Tyler Triplett wants to go back to school.
At 15, he’s frustrated trying to learn economics and English remotely in Washington County, Virginia, where he’s a sophomore at Patrick Henry High School in Glade Spring.
“I learn better when I’m face to face with the teacher,” said Triplett. “I’m barely learning trying to go through this online school.”
Triplett is among about 6,700 students learning online this academic year in Washington County.
Working at home, Triplett faces challenges, he said.
“And I have to go through about five different websites to do each regular class and have to go through daily attendance on each website every day.”
Schools remain shuttered to students in the wake of the coronavirus pandemic, but on Monday, the School Board decided to reopen schools on Oct. 26 on a hybrid schedule, allowing students in grades 4-12 to attend in person two days a week and virtually two days, with an open day in between to sanitize school spaces. Pre-K through third grade will attend four days a week in person.
“I wouldn’t be mad if we went back to school full time,” Triplett said. “I prefer it that way. Now I just want to go back to school full time so I don’t have to worry about what to do.”
For now, students in Washington County are learning remotely. But schools are open for teachers. And, sometimes, in-person conferences are held, said parent Abagail Guinn.
Guinn, of Meadowview, Virginia, is the mother of a 6-year-old first grader, Hunter, who has learning disabilities and struggles to complete worksheets each week through Meadowview Elementary School, Guinn said.
“My son is showing signs of true regression,” Guinn said. “Whenever he left school last year, he could read.”
Hunter’s teacher also said students could meet in person rather than hold a Zoom meeting, Guinn said.
“They are coming to school to do one-on-one,” Guinn said. “So, all of the germs are already being exposed to one another. And I definitely think that if all the students are in school, at some point in the week, they why not have all of them together?”
Guinn is a member of a recently launched Facebook group called “Concerned Washington county Va Parents,” which is a forum for those who want the schools to reopen. The group’s page, which was created Sept. 1, had 1,100 members Friday. The page states: “Let’s get our kids back to school!”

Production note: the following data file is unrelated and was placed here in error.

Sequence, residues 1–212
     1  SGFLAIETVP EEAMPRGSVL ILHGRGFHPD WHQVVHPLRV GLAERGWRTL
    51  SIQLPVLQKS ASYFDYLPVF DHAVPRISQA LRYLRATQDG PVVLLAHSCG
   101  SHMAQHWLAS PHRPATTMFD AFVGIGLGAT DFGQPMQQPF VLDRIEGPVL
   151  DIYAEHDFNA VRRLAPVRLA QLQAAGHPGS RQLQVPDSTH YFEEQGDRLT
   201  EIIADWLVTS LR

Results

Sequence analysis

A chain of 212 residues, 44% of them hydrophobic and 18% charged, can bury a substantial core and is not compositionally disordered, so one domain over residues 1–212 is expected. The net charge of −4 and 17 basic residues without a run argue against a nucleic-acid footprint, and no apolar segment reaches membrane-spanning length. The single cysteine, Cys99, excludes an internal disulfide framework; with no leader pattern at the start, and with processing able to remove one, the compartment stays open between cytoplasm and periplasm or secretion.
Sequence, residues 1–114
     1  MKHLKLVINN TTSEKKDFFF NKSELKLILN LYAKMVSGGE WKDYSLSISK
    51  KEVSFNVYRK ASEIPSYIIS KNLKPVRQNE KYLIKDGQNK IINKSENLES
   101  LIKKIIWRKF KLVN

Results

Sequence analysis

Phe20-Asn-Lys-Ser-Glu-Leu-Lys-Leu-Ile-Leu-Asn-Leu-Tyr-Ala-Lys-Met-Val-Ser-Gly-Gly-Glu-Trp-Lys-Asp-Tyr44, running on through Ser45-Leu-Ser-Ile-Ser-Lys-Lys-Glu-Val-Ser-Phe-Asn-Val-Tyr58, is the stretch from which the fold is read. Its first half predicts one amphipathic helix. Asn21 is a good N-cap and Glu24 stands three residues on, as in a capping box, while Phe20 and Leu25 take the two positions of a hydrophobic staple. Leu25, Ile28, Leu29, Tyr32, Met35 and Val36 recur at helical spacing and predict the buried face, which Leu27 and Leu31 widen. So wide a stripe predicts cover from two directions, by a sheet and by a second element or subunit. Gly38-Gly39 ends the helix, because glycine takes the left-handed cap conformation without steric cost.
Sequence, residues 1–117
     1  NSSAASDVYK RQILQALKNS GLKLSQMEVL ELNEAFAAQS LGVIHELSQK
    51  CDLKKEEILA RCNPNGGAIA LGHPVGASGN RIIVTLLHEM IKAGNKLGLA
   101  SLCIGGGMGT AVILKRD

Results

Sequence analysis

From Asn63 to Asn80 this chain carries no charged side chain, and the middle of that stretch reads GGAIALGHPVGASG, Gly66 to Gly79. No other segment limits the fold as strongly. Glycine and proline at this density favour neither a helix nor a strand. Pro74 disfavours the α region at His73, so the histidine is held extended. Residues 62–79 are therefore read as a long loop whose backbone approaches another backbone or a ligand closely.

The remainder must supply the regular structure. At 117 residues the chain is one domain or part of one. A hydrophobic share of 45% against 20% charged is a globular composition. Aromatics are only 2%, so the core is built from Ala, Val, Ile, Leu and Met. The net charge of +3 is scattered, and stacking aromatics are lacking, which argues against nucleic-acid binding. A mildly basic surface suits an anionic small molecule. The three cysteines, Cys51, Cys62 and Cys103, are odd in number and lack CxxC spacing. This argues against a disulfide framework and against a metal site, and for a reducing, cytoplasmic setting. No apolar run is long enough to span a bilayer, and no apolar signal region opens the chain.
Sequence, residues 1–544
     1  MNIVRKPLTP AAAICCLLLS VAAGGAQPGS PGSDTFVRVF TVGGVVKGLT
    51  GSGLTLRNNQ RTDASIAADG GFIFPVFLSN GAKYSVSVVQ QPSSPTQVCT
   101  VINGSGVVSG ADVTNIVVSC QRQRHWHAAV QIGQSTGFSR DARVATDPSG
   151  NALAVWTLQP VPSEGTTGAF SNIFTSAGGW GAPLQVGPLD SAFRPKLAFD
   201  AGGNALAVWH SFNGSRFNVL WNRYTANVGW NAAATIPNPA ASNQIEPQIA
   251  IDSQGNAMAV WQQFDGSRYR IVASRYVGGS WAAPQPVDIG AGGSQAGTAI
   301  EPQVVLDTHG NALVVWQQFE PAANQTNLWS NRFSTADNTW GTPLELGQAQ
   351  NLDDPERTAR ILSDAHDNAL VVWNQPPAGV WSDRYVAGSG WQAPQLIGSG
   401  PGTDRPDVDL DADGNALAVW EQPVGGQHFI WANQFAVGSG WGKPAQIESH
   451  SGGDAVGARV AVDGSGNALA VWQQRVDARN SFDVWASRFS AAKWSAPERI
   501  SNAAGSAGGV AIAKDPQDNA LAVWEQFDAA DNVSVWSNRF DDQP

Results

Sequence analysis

The 24-year-old mother joined the online group “to see what’s really going on with other parents and to get the School Board to open back our schools,” she said.
Another Facebook group member is Alona Arnold, the mother of Tyler Triplett.
“My mission is to at least try to get the kids back in school with their teacher, even if it is the hybrid schedule two days a week,” Arnold said.
Originally, school officials planned to return in August on a hybrid schedule, then decided to delay the opening by two weeks. Ultimately, due to concerns about COVID-19, they decided to delay the hybrid schedule until October and chose remote learning only.
The Monday meeting featured over two dozen speakers — students, teachers and parents — all pushing to reopen schools. Many expressed concerns that children were losing skills they had gained by being in school and were “frustrated” and “depressed” dealing with technology issues at home while trying to learn.
In the final analysis, Ratliff added, “We are all on the same team trying to implement an in-person learning plan going forward that is as safe as possible, timely, well-informed and mitigated for our students, staff and others.”
‘Back to our normal lives’
For Guinn, homeschooling has become a financial burden.
Late last year, Guinn opened Abby’s Bargain Box in Glade Spring. From January until March, she cleared a profit of $20,000, she said.
But she closed the shop when schools closed in March, due to health concerns. And she became a homeschooling mom.
“It crushed my dreams. It was definitely sad,” Guinn said.
Now, Guinn says she wants schools to reopen for more than one reason.
“I would just like to see my son go back to school so we can all go back to our normal lives and get back to working,” Guinn said. “At this very time, I think it’s just very important to go back to work.”
Arnold, 35, heads out at 4:30 a.m. to make pizzas at Moondog Brick Oven in Abingdon.
With her husband also working, Arnold’s two sons — Tyler, the sophomore, and Alex Triplett, a sixth grader at Glade Spring Middle School — must fend for themselves in the virtual learning world.
“Honestly, both of our children have struggled,” Arnold said. “Our youngest, he’s finally grasping the concept of the virtual classroom.”
But it’s not easy, Arnold said.
“His teachers are wanting him to complete exploratory classes with physical education and chorus,” Arnold said. “I think we need to be concentrating on the academic classes.”
If school reopens, the teachers could walk through the program, Arnold said. “And some of the stuff that we can’t figure out, they can show them how.”
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